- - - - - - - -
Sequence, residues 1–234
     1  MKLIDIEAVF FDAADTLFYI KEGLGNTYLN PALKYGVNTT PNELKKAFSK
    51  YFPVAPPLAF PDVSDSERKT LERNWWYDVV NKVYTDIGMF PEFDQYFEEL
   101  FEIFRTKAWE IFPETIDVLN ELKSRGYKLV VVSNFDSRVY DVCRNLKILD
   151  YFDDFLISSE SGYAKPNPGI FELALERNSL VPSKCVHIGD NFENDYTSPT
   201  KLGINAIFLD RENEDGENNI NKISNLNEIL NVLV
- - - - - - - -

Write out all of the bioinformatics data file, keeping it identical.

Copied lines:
Sequence, residues 1–234
     1  MKLIDIEAVF FDAADTLFYI KEGLGNTYLN PALKYGVNTT PNELKKAFSK
    51  YFPVAPPLAF PDVSDSERKT LERNWWYDVV NKVYTDIGMF PEFDQYFEEL
   101  FEIFRTKAWE IFPETIDVLN ELKSRGYKLV VVSNFDSRVY DVCRNLKILD
   151  YFDDFLISSE SGYAKPNPGI FELALERNSL VPSKCVHIGD NFENDYTSPT
   201  KLGINAIFLD RENEDGENNI NKISNLNEIL NVLV